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Monday, September 05, 2005

Llanto por Ignacio Sanchez Mejias (Lorca)

[Update: This entry gets a lot of hits and the four-part recording below is not great, so here's a better audio version of the poem that I've done all in one piece: Llanto por Ignacio Sanchez Mejias audiofile (12:33).]

Federico García Lorca's lament for his dead friend, Ignacio Sanchez Mejias, is a long four part poem. Too long for me to do in one audiopost since audioblogger's limit for each post is five minutes. The translation I'm reading (text can be found here) is W. S. Merwin's.
I don't agree with all of Merwin's decisions. For instance, in part 2, I might have translated y como un torso de mármol / su dibujada prudencia as "and like a marble torso / his fluid caution" rather than as "and like a marble torso / his well drawn moderation." Not as faithful to the letter of the Spanish as Merwin but more faithful to the spirit of the poem, I think. But really, that's a quibble I have no right making until I get around to doing a full translation of my own. Merwin's version is damn good.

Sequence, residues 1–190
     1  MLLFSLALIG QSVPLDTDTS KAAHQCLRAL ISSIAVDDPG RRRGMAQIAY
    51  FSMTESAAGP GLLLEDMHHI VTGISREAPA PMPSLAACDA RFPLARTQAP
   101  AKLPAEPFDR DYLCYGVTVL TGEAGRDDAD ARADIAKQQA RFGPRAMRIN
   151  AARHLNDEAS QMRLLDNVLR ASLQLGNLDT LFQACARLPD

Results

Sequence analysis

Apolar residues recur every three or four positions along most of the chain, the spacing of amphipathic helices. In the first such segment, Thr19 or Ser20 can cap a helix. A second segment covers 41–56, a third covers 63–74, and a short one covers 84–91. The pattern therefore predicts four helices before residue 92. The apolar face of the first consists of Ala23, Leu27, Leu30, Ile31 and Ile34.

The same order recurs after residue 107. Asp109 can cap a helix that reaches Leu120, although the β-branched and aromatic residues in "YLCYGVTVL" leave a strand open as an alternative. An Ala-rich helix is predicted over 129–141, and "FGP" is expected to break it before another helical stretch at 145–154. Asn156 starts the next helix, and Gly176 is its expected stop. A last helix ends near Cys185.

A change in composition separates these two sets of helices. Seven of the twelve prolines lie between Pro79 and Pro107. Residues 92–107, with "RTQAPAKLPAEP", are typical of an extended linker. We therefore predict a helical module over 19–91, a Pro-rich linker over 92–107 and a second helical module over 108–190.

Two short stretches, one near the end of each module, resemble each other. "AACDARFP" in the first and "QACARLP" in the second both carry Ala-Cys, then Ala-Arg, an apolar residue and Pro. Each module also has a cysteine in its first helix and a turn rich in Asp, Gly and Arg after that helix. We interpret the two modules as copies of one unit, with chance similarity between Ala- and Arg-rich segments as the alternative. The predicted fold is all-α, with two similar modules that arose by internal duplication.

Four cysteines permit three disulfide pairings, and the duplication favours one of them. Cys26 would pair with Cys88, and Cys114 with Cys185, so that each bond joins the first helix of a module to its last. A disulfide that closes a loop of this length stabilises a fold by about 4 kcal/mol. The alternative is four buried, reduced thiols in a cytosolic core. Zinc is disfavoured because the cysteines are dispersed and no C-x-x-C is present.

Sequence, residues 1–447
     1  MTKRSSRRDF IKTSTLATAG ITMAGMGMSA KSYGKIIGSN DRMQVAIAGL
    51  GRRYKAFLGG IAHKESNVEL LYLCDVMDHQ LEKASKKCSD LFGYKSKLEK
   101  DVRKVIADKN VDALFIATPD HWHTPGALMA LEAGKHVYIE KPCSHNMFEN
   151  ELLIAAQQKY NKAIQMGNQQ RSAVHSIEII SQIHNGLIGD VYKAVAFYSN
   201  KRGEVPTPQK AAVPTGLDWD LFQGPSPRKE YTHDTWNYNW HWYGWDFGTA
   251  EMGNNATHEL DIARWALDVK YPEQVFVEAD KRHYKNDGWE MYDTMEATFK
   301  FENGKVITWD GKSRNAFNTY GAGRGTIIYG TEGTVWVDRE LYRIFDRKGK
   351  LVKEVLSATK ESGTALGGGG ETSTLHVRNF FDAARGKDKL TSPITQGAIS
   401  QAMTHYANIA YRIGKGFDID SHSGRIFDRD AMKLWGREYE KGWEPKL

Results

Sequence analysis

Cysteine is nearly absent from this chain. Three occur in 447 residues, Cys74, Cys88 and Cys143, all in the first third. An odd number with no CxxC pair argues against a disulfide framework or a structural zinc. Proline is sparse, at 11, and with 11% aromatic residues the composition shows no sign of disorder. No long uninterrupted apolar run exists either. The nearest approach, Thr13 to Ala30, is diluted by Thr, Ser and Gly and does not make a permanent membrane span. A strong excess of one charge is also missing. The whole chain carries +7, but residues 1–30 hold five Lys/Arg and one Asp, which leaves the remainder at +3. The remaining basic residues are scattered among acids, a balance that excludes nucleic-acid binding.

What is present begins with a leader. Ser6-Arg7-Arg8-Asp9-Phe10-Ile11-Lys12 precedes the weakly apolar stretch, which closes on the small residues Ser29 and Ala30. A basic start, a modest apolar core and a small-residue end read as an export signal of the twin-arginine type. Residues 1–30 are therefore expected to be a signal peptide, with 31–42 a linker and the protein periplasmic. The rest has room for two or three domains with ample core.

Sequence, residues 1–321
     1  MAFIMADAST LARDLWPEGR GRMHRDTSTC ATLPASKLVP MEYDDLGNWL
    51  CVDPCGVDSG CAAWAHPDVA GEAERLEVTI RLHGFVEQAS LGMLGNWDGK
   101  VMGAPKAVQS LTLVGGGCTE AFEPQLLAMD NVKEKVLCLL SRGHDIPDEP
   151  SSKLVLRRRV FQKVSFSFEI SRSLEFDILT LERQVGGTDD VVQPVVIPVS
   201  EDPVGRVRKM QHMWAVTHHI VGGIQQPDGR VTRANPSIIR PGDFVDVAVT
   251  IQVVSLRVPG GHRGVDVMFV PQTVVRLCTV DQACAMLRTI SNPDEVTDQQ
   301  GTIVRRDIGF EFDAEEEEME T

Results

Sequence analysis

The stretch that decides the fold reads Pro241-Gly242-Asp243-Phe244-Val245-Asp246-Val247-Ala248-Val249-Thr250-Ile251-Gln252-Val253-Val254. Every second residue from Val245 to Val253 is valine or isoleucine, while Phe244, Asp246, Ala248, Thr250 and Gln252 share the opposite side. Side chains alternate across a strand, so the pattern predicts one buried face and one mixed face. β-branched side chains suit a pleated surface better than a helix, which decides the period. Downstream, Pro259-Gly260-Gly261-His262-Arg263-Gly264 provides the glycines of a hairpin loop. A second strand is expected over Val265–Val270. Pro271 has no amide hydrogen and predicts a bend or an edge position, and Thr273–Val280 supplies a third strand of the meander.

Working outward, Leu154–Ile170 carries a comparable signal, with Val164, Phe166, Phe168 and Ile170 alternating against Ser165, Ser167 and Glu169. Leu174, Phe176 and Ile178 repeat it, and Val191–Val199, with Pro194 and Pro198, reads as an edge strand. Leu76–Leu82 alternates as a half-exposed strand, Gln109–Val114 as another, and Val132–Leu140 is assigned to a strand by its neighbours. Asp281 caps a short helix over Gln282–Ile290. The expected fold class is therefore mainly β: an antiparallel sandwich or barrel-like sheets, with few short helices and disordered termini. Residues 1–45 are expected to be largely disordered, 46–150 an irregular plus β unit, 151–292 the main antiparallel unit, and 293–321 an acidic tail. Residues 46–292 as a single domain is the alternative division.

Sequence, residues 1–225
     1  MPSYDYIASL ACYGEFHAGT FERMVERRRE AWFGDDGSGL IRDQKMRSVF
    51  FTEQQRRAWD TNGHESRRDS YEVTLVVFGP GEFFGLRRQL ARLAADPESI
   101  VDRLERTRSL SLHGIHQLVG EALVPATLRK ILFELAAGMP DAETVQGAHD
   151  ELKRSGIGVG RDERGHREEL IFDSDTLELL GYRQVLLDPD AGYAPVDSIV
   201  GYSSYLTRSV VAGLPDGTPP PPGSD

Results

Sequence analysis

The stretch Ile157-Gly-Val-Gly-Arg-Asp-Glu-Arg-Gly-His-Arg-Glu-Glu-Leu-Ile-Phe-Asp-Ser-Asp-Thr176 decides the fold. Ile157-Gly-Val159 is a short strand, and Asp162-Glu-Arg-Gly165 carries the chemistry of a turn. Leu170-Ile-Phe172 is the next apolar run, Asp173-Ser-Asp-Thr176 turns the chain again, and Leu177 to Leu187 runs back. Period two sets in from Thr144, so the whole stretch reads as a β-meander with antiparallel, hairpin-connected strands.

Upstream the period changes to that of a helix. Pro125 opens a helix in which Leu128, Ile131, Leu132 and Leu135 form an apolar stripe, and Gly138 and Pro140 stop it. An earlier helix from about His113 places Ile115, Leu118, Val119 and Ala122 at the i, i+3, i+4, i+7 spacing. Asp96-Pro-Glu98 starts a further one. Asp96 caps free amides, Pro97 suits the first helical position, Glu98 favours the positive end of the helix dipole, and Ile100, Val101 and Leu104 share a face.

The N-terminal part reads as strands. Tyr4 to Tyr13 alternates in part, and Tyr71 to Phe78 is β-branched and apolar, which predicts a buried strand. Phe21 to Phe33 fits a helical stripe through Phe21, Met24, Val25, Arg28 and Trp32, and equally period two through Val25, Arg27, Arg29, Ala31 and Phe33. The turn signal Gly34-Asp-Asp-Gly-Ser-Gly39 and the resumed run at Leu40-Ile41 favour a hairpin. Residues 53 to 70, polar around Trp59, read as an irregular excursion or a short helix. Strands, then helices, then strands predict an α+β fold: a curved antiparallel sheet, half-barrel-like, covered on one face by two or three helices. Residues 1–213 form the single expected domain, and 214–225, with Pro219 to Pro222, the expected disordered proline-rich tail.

Here's the poem.

Part 1
this is an audio post - click to play

Part 2

this is an audio post - click to play

Part 3

this is an audio post - click to play

Part 4

this is an audio post - click to play

4 comments:

Brenda Schmidt said...

That's a gorgeous poem.

Humble Servant said...

"The rest was death, and death alone."

That's rather similar to the Neruda poem--either "Nothing but Death," or "Only Death," depending on translation.

We could probably do, therefore:

"The rest was death, and nothing but death;" or

"The rest was death,and only death."

MackJohnny said...

The rest was death, and only death.

Yes, I definitely like both the sound and and the rhythm of that better than "The rest was death, and death alone."

Yeah, I might have to do something about this poem.

Wheelock Sapphire said...

I think, "The rest was death, and death only" or "and only death" sounds more forceful than "and death alone." This is, after all, an outcry and a raving against the death of the bull fighter.

Although, I must admit, that I stand with the bull, "corazon arriba!" I saw the ignominy of the bull fight in the Plaza de Toros in Madrid at the tender age of seven; and when I saw the cruelty and the unfairness of it all, I was cheering for the bull, even then.

David.